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U.S. Retail Sales Unexpectedly Increase

In yet another sign that the United States economy is fluctuating and changing after the last year of dealing with the COVID-19 pandemic, retail sales in the country have unexpectedly increased in June after falling the month before. Consumer demand for services and some goods still seems to be growing strong. Sales in June have increased even with a continued decrease in auto purchases.

According to the Commerce Department, retail sales rose about 0.6% in June. In May, sales dropped 1.7% — more than the 1.3% they initially reported. Most economists forecasted that another drop in June was expected, so this increase definitely is a surprise.

The Commerce Department revealed this news and explained the increase in sales. For auto purchases, however, sales have continued to decline for multiple reasons. Currently, there is a huge semiconductor shortage on a global level that has stopped car manufacturers from being able to consistently bring out new material. This has also resulted in an increase in car prices, which has then caused a lack in sales.

Plus, many Americans actually bought cars during the pandemic, thanks to savings and stimulus checks. Now, as the United States economy reopens, people are spending more money on services, rather than goods (as they previously did).

Sales also increased across the nation thanks to higher prices. Prices have hiked up for different reasons, though mainly because of supply issues and constraints that are still stemming from the COVID-19 pandemic. However, for many people, this is the first time to really spend money in a long time. Plus, stimulus money received in the past year and household savings have also played a part in this increase in retail sales.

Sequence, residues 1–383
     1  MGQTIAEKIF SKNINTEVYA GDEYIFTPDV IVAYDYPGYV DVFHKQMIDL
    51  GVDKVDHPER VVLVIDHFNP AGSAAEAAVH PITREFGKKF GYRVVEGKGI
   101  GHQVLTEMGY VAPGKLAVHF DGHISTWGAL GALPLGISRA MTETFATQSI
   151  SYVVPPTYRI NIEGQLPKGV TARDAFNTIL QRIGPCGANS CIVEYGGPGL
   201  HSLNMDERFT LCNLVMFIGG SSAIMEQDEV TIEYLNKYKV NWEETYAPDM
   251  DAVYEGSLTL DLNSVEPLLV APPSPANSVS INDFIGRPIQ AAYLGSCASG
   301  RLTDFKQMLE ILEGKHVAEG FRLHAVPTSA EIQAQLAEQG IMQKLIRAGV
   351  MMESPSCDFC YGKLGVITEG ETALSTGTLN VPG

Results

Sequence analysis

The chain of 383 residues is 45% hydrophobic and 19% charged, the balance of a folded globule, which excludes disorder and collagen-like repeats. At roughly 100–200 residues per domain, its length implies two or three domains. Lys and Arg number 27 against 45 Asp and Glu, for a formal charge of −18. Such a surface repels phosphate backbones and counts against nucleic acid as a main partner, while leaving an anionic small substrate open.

Clothing retail sales have continued to do well, though there are signs that some of this may be tailored in the near future. The United States, as well as the rest of the world, are also dealing with new COVID-19 variant strains, such as the Delta strain, which has caused a surge in infections. Airline stocks have fallen, Los Angeles has mandated masks again, and some are worried that this surge may hurt the economic growth many thought the United States would experience this year.

There really is no telling what to expect, though economists and most analysts are attempting to be both optimistic and realistic. Just as with all parts of recovering from the COVID-19 pandemic, it does appear as if things will change and fluctuate as many adjust to this new normal.

But sales may not be affected overall for the time being. When looking at the sales reported last June, sales this June advanced by 18%. This increase is mainly because of spending in education, travel, and healthcare. Spending at restaurants and bars has continued to increase with each month.

The government also revealed that consumer prices have increased the most in 13 years this past June. Again, the economy is fluctuating as businesses and people attempt to get back to pre-pandemic ways.

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